• 1.5 mm chipboard – this thinner version is easier to cut on your Maker and holds up well to most projects.
  • 2.0 mm chipboard – use this thicker version where you need more stability or thickness.
  • Patterned chipboard – perfect for projects where you want a little design element but don’t want to add paint or vinyl.

How to Use It

You can only cut chipboard with the knife blade and the Cricut Maker. This also means that you have to have a computer as you cannot use the knife blade on mobile devices. Click here to see a project I made with chipboard.

Wood

Yes, you can cut wood with your Cricut Maker. In my opinion, Cricut materials don’t get any more existing than this. Don’t have a Maker? Read on below as I have another option for you as my next material.

Description

The Cricut Maker series can cut basswood and balsa wood. Both are thin woods but basswood is by far my favorite as it is harder and sturdier.

When to Use It

Use this material when you want to make those 3D or structural projects but you want a wood look. I find balsa wood to be too soft for most projects so I rarely use it.

Types

I will say that not all basswood is equal. I find that the Cricut basswood cuts much better and I have way more luck with it than any other that I have tried. Actually, I only use the Cricut brand now as I have had so many issues with other types.

How to Use It

You can only cut basswood with the knife blade and the Cricut Maker. This also means that you have to have a computer as you cannot use the knife blade on mobile devices. You can see more about cutting wood with the Cricut Maker here.

Wood Veneer

I promised you a chance to get a wood look on your Explore machine! If you have the deep point blade, you can use wood veneer to get that gorgeous look on your crafts.

speciality cricut materials

Description

Wood veneer is real wood that is sliced super thin and can be layered on top of other materials to give a wood look to your project. This material is about as thin as some thick paper so it should not be used for any sort of structural project.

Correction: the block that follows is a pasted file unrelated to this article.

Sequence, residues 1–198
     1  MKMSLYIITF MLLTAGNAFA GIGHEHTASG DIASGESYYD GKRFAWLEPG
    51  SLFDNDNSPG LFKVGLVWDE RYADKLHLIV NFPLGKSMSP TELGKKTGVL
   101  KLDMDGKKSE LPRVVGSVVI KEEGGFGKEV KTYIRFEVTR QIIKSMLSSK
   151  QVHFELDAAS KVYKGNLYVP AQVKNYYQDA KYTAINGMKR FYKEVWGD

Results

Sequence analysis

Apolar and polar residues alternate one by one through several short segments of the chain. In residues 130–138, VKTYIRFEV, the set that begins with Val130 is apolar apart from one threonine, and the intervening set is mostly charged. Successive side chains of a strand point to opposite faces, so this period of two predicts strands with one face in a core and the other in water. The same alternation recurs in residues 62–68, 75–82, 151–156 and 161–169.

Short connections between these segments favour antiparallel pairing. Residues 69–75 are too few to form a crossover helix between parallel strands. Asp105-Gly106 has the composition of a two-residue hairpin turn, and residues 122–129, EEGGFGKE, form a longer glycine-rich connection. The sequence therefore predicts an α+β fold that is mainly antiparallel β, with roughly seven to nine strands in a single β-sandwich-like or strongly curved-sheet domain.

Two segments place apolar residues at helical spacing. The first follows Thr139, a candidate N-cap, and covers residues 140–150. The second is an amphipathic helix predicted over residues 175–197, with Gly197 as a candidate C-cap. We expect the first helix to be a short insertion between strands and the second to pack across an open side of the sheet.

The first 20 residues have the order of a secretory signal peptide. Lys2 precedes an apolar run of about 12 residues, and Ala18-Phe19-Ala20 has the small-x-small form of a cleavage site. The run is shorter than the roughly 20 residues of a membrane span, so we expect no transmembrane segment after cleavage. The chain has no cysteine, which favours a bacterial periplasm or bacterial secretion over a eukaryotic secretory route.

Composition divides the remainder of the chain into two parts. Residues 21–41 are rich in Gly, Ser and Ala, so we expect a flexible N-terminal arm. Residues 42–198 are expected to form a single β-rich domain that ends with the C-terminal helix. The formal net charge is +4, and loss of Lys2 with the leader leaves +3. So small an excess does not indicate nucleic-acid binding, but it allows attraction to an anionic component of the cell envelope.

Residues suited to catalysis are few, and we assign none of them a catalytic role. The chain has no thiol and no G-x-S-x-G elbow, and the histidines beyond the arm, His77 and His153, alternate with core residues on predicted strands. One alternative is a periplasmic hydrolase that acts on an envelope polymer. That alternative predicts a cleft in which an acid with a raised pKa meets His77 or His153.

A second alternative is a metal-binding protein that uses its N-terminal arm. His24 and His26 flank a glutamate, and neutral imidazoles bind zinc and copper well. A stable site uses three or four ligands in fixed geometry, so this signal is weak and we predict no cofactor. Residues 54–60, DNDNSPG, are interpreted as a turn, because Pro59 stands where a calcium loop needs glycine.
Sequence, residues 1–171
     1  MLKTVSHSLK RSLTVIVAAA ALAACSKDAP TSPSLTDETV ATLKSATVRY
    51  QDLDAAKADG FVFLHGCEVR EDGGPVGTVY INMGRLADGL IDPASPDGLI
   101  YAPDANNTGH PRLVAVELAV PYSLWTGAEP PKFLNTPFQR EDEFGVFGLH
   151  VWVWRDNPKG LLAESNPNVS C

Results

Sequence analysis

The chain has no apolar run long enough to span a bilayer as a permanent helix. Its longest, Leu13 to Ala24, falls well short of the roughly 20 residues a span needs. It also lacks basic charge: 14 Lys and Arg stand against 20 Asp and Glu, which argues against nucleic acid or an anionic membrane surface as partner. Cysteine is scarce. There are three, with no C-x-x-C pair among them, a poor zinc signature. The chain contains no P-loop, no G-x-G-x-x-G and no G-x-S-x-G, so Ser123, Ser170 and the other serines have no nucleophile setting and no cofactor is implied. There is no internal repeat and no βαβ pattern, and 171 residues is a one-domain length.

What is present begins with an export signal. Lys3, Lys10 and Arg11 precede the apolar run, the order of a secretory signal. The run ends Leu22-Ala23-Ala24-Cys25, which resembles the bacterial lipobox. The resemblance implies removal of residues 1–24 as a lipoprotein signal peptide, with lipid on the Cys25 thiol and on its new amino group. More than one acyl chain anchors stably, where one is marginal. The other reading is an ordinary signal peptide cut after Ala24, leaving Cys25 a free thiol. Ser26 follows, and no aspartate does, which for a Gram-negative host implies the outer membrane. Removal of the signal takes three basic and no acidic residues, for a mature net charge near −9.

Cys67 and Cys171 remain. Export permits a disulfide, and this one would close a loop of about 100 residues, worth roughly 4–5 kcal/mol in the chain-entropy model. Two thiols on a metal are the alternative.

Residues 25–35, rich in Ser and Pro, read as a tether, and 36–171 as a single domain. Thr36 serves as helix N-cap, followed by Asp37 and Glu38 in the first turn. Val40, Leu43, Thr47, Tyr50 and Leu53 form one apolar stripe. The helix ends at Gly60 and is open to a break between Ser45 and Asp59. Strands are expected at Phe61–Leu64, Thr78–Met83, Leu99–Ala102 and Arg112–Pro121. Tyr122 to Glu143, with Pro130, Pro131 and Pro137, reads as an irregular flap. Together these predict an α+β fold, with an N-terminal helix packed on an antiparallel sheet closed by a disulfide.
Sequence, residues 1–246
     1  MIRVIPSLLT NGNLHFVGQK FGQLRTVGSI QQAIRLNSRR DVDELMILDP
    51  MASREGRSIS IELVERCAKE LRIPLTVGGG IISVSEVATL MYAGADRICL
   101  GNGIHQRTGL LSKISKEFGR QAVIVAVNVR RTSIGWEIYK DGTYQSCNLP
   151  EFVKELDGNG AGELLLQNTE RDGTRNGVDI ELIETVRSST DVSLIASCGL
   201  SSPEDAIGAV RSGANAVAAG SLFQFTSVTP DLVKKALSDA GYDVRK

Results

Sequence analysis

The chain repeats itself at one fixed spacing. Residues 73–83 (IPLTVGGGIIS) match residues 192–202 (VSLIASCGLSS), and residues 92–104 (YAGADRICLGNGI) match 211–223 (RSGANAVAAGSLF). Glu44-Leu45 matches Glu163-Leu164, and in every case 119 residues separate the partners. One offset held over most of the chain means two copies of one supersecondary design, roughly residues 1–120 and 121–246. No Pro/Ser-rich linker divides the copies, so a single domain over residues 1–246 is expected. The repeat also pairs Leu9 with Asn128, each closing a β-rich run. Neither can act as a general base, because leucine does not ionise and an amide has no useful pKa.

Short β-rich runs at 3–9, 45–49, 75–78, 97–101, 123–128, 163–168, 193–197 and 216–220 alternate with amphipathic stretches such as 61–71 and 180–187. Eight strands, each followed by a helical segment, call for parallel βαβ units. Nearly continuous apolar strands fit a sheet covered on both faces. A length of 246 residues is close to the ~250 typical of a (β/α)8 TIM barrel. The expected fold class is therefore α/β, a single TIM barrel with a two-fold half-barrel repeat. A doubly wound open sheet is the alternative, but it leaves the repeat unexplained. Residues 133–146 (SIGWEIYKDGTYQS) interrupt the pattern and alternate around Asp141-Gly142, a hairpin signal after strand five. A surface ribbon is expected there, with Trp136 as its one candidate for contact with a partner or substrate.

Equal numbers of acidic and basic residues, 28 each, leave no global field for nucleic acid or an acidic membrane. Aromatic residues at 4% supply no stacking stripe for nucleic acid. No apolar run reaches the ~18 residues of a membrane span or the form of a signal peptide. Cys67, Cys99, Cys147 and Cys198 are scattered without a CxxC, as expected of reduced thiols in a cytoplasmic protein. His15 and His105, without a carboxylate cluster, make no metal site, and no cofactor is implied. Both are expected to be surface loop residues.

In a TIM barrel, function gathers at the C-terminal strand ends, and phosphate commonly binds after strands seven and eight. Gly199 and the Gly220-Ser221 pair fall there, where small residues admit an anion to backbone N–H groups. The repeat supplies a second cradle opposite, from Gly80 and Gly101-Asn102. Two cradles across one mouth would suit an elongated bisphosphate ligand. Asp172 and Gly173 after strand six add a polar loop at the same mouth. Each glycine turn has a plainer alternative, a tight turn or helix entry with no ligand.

When to Use It

Use this when you want a wood look for your project but you either don’t have a Maker or you prefer the inlay look that you can get with real wood veneer.

Types

You can definitely find other brands of wood veneer but I have really enjoyed working with the Cricut wood veneer. It comes in a wide variety of wood finishes so you can let your imagination run wild when using it.

How to Use It

This product is really easy to cut, however, you will need the deep point blade. You can see more about cutting this product as well as a project that I did here.

materials for a cricut machine

So, now that you have seen all of these Cricut materials, which will you start with? I always recommend starting with something simple and moving towards more complicated materials as you get more familiar with your machine.

cricut materials

So, pick up some Cricut materials from the store and start planning your next Cricut craft. I know you will love your machine as much as I do once you gain the confidence to start crafting with it!

guide to materials for a cricut